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Jun 19, 2012, 01:11 PM
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Thrust angles & relative factor's

I decided to start this thread due to many threads with contradicting statements.Thrust angles on a puller are a given.I'm more interested in pushers.Almost all commercial high mounted pushers have the prop end up a little.I have heard this is mainly to counteract nose up during throttle or to lessen the distance between CG and thrust angle,therefore reducing pitch change.However I have also read that having horizontal stab in the prop wash on a high mounted pusher has a greater nose up effect than just pointing the prop end up.Im still a noob and always learning.I'm mainly writing this thread because I finished a scratchbuilt pusher which has an extreme thrust angle(16deg),due to location of tail boom.It was originally intended to have an EDF on top of the wing so prop clearance wasn't an issue before.I think the lift factor from the wing and the downforce on the tail from the small t-tail section will counteract the nose down tendency on my high mount pusher.When perched on a CG stand she noses down with throttle so I'm hesitant to give her a glide test because I'm scared she'll nose in.I followed formulas on adamone rc and used CG calculator's so I think I got everything else right.Just curious,does she look airworthy, even with the thrust angle?Any suggestions,or opinions are greatly appreciated.While I'm here,which way should a pusher prop mounted above CG point?Prop end up or prop end down?
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Jun 19, 2012, 02:00 PM
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nmasters's Avatar
The pitching moment caused by the thrust line is exactly like turning a bolt with a wrench. Think of your hand as the motor, the wrench as the pylon, and the center of gravity as the bolt. By looking at it this way you can see that an engine on a pylon directly over the CG is the worst case. You can not fix this by tilting the motor. The only thing on an airplane that can counter the pitching moment from this is the horizontal stabilizer. Making the HS that you have won't be very effective during takeoff because there's not much airflow over it yet. What you need to do is strengthen the vertical fin and move the horizontal up int the prop wash.

Jun 19, 2012, 06:23 PM
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Norm, considering moving my h stab up would require some unwanted surgery,do you think if I made the top t-tail section bigger and with the negative incidence already on it,maybe I could get the level power off glide Im looking for.Then once it gets a little airspeed and elevator authority I can start to attempt my takeoff climb.In other words would just making the top t-tail section bigger give me enough downforce on the tail to achieve level glide until elevator authority increases?Sorry Im just really trying to avoid major surgery if at all possible.Thanks for the insight so far, I believe your post about propwash on the h stab is the one I originally spoke of.Hopefully you can feed me some more info on this theory.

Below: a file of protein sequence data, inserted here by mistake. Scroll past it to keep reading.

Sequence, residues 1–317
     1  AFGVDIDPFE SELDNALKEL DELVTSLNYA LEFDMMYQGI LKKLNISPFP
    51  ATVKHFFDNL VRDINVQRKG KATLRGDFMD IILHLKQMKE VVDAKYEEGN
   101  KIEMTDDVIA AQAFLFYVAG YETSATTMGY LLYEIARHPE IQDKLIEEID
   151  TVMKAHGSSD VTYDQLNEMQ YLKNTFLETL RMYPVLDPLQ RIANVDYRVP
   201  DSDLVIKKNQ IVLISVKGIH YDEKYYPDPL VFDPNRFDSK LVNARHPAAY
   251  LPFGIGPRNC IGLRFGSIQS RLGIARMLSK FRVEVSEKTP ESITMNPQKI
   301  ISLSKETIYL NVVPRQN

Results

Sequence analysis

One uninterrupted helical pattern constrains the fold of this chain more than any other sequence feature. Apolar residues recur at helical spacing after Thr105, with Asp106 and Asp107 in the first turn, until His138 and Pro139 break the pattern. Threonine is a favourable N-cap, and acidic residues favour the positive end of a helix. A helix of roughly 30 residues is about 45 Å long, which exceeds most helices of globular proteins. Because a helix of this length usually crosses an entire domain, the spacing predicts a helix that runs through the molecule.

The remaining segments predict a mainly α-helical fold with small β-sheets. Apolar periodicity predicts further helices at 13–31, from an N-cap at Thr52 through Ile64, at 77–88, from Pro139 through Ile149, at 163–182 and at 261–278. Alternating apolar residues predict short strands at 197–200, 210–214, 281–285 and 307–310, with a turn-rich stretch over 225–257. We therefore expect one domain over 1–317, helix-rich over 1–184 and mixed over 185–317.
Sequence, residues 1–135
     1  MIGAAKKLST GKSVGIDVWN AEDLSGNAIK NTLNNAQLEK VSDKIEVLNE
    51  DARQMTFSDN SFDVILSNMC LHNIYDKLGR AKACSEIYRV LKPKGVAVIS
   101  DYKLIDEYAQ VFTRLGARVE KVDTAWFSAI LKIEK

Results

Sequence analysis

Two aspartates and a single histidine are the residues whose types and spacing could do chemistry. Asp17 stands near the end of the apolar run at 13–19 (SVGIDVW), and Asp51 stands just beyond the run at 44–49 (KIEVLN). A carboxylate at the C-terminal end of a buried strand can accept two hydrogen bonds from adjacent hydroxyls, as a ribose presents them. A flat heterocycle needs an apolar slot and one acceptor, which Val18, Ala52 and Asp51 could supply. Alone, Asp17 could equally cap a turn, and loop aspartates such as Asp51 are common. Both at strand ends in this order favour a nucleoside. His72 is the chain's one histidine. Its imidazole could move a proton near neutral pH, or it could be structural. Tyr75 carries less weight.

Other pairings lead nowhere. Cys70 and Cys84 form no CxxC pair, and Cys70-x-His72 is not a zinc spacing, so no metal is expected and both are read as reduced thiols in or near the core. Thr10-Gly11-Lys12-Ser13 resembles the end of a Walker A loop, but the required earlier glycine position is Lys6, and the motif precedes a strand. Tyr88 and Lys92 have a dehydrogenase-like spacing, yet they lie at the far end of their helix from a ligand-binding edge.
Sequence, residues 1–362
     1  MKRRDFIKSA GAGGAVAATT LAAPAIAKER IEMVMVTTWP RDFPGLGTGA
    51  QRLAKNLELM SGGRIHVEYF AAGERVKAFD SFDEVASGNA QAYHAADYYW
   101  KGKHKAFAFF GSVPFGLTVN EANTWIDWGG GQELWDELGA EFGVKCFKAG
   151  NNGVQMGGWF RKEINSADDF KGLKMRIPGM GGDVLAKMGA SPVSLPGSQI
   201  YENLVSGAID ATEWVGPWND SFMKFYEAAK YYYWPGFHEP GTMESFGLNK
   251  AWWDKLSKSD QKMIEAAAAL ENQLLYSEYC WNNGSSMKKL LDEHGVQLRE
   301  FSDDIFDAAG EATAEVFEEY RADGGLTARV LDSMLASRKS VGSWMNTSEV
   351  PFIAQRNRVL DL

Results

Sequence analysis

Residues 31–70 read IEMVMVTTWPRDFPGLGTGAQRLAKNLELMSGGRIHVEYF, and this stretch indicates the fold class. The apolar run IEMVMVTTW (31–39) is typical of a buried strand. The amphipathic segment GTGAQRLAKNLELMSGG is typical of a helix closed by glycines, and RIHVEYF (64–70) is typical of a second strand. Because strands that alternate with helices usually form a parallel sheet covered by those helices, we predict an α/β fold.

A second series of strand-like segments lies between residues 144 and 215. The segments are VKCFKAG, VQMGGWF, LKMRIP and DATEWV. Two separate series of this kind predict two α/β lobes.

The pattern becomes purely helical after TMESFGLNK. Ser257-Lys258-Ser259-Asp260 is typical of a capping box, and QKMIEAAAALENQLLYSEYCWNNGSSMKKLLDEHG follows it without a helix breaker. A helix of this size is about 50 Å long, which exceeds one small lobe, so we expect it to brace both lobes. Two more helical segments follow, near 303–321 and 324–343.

Jun 19, 2012, 09:01 PM
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Still confused??????

Just when I thought I was beginning to figure things out I see this picture.I do believe a full T-tail would solve my scratchbuild problem because the elevator in the prop wash would make the elevator immediately effective.I must say Im suprised to see an airplane with a more extreme thrust angle than mine.Yet I'm guessing it flies fine.Any theories?..........(crickets chirping)
Jun 19, 2012, 10:57 PM
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nmasters's Avatar
Increasing the size of the tip plate on your vertical fin would be a whole lot more efficient than tilting the motor as much as the plane in post #4.
Jun 20, 2012, 04:35 AM
An itch?. Scratch build.
eflightray's Avatar
Having a look at some of the articles on pylon mounted motors, (addition of power to glider, and some references to flyingboats etc). The trust angle on quite a few of them is 'up trust', i.e. the angle is up at the front.

There are reasons for that, position relative the the CG, angling the air flow down onto the horizontal stab etc.

But where is the change over point between up thrust and down trust ? (relative to the thrust line being above the CG as in the model shown and various pylon mounts).

I know it can also be influenced by other factors such as wing incidence, wing section, the amount of thrust etc.
Jun 20, 2012, 06:40 AM
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So many variables

It sounds like setting up proper thrust angles on pushers is a fine art with many things that need to be taken into account.Judging by what's been said here,it seems like angles change slightly with each airplane based on first and foremost the design of the airplane.Slight changes like wing incidence or movement of horizontal stab could have different effects on the needed thrust angle.Well considering my motor pod's already glued on my scratchbuilt,I think I'll make my t-tail section bigger.If it still needs a lot of reflex(up elevator) to glide level than I'll probably switch over to full functional T-tail.It seems like the change from upthrust to downthrust or vice versa starts occuring at or near the CG.Moving the trust line in front of,behind,above,or below will obviously result in needed adjustments.I think if the thrust line is directly through the CG or center of drag then you can get away with mounting perfectly level.Geez,where's all the aerodynamic engineer's when you need one!